In The Field: Conversations With Our Contributors—Teri Ellen Cross Davis

by Apr 9, 2024



You have two poems in V26 of Water~Stone, “River Phoenix at 46” and “The Brain Confesses About Those Six Weeks.” With “River Phoenix,” I feel like I get something new from the text every time I read it. What inspired this poem’s creation?

As a teen, I had a serious crush on the actor River Phoenix. I had a poster from one of his films, “A Night in the Life of Jimmy Reardon” on my wall. River seemed intellectually deep and  rebellious and open enough to maybe understand me as a skinny black girl from Cleveland, or at least that is what I dreamily told myself. When he died, so early in his career, it felt like fabric being ripped from the quilt of my dreams. I wanted more for him. I wanted him to have had an award-studded career, to have eventually stepped back from acting, to at some point have a complete life away from Hollywood’s lens. In this imagined world, he could have had a family of his own. Poetry gave me the space to imagine that longer life, to toy with ideas of Halloween and the veils between worlds, to summon an alternate path for the actor.

This poem draws up many vivid images and phrases. When writing this piece, what drew you to these images? What was your process building this piece and this world with River Phoenix in it? 

I tried to envision an alternate reality that could hold both Phoenix and some of the ways mainstream culture has grown to be more culturally diverse and inclusive since his death in 1993. I knew the legend of the Sunset Strip club “Whiskey a Go Go” from a crush on Jim Morrison and the Doors so it was a fun way to imagine the inside of places I had read about, but never experienced. As a poet, I could play director. I could create a 90’s style montage of Phoenix’s imagined life with language. 

In “The Brain Confesses,” the narrative explores the trauma and post-processing of rape, and how people often shut those memories away. The use of em dashes gives readers that painful, jolting feeling. Can you talk about your process in crafting this poem with short lines and specific punctuation?

I wanted to use the em dashes like gloves, or tongs handling something so toxic it could not be near the rest of the body. The brain is “reading” the body—being honest and unforgiving, but couching both in love. I wanted the shape of the poem to contain and direct that energy downward until it eventually escapes out of its own hypothetical hatch.  

In both pieces, I felt there were moments of double meaning; “a life well-heeled,” for example. When writing, how much of your original drafts do you keep, versus rewrite to add these gems into the work? 

Thank you! I have language I fall in love with in a poem and sometimes, when things go right, I can keep it. Trust me, there has been a lot of theoretical blood on the cutting room floor. From original to final version, there is a lot of whittling, of reworking lines and form—things move forward based on what the poem needs and sometimes, it may not need my favorite line.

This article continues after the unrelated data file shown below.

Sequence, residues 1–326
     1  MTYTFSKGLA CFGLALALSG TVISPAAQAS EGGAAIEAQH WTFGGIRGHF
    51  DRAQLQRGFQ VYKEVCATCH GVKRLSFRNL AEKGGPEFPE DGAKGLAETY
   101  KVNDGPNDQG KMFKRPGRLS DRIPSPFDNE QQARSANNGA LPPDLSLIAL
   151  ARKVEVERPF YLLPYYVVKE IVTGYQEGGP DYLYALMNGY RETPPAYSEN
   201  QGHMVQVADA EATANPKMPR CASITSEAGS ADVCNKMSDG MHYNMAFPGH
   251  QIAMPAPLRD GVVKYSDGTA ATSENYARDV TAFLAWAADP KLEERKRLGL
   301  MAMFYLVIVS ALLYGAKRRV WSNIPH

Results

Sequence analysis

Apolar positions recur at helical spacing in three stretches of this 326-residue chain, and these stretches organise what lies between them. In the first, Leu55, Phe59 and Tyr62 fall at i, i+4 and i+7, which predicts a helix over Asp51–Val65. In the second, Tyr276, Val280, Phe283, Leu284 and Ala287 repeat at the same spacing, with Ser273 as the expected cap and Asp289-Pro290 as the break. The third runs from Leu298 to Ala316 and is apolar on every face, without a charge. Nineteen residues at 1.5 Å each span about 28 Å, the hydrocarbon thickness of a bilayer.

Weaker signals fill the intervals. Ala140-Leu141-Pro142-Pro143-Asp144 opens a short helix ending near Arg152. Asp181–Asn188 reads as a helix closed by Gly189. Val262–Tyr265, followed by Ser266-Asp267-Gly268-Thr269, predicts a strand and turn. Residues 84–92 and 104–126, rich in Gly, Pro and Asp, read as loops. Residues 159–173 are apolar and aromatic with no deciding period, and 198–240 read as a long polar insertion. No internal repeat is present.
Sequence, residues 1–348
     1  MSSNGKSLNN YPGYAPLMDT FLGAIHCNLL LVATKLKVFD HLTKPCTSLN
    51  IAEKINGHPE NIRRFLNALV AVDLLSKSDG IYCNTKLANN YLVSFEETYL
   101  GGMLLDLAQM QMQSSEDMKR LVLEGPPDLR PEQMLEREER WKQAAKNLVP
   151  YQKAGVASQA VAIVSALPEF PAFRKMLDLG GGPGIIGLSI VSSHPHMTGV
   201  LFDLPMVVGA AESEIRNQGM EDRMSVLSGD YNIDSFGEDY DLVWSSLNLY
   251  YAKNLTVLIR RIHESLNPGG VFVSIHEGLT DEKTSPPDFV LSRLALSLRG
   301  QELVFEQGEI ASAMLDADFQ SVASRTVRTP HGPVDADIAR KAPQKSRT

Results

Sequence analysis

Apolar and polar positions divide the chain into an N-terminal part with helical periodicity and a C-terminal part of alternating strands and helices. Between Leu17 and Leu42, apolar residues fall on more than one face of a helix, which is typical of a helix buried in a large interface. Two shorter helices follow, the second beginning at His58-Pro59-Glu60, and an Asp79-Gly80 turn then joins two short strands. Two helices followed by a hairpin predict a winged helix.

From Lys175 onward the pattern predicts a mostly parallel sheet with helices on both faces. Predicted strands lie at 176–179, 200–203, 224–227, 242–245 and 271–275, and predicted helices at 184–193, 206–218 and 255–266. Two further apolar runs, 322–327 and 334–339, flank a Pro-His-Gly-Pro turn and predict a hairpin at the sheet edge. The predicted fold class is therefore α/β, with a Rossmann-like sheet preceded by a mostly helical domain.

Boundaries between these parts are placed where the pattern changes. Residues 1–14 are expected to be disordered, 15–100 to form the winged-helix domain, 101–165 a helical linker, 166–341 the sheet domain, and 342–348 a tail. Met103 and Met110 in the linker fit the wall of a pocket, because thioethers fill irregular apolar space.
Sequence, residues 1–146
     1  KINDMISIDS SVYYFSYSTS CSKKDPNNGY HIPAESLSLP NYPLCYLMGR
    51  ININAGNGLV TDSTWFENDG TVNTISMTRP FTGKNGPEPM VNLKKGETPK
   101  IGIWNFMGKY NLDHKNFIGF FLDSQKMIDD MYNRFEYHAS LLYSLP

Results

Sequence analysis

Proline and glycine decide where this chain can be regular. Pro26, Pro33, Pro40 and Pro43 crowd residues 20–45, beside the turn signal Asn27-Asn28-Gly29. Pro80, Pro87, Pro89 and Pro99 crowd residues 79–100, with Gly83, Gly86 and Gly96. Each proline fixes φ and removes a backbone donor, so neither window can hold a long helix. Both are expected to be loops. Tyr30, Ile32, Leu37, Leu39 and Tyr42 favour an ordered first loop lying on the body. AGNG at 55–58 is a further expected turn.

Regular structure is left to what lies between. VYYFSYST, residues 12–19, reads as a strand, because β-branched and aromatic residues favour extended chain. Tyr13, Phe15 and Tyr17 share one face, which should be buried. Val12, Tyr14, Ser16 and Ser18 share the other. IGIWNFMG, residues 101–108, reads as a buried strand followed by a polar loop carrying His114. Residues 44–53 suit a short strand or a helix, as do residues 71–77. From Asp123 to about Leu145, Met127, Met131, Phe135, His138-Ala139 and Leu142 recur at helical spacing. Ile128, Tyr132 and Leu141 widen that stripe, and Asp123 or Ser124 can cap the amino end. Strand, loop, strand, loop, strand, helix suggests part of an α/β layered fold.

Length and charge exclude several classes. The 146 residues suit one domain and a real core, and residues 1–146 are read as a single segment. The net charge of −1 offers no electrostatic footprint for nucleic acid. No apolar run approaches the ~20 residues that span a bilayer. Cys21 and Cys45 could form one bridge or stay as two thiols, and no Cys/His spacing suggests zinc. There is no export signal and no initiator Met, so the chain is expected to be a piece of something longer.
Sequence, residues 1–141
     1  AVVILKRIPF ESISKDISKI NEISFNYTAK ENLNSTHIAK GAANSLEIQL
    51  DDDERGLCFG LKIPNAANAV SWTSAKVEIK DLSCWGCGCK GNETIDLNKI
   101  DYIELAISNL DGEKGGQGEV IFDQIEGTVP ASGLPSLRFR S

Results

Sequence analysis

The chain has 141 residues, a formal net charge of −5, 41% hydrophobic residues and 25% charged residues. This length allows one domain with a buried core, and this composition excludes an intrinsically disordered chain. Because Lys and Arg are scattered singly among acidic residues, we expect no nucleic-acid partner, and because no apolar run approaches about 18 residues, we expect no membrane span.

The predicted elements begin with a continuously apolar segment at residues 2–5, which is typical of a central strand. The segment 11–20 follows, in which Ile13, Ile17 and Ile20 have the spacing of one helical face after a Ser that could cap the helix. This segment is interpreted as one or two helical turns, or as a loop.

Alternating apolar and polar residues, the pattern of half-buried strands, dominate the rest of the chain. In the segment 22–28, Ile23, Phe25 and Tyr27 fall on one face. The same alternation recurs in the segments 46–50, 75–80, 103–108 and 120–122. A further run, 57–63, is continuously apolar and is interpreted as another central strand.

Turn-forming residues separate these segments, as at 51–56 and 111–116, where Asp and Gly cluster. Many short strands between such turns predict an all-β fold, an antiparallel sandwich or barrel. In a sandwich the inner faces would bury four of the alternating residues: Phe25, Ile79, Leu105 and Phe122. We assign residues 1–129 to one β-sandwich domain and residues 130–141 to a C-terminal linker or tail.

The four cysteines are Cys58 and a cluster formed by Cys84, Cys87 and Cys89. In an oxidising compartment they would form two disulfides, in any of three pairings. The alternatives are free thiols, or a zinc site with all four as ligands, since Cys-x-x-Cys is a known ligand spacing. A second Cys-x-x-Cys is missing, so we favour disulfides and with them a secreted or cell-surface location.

What themes do you find that inspire you, and that you return to in your work?

Parenting seems to be a ripe vein at the moment. I feel this double vision of me at this age and now my child at this age. Each progression feels like a peek into my teen psyche and it is well, weird, frustrating, acute, blunt, nuanced, and comical. From tending my own vegetable and flower garden to understanding the long-term impacts of climate change, gardening and my relationship with nature is another area of my life that is fueling me.

As a poetry curator, what do you look for in your job? How does your interaction with other poets influence your writing? What texts or authors helped shape the writer you are today? I look for poetry that moves me and brings a fresh voice to the page or stage. To ignite my own creative appetite, I read Lucille Clifton, Linda Pastan, Rita Dove, Hayes Davis (my husband) and more. Right now, I admire the ancestry research and communing in Tracy K. Smith and Remica Bingham-Wisher’s work, the wit and brevity in Beth Ann Fennelly’s micro essays, and the expansiveness in Camille T. Dungy’s SOIL. 

What are you working on now?

I am working on a third collection and the moment I feel I have a handle on a new direction for it, I feel a pull to write poems about something else. It’s wild, but I am trying to hold on and get something on the page as I do. I hear my ancestors rumbling with answers and I am trying to figure out the right questions. 


Teri Ellen Cross DavisTeri Ellen Cross Davis is the author of a more perfect Union, awarded the 2019 Journal/Charles B. Wheeler Poetry Prize, and Haint, which won the 2017 Ohioana Book Award for Poetry. She is the recipient of the Poetry Society of America’s Robert H. Winner Memorial Award and a Maryland State Arts Council award. Her work has appeared in print, online, and in many journals and anthologies including Harvard Review, [PANK], Poetry Ireland Review, and Kenyon Review. She is the O.B. Hardison Poetry Series curator and Poetry Programs manager for the Folger Shakespeare Library in Washington DC.



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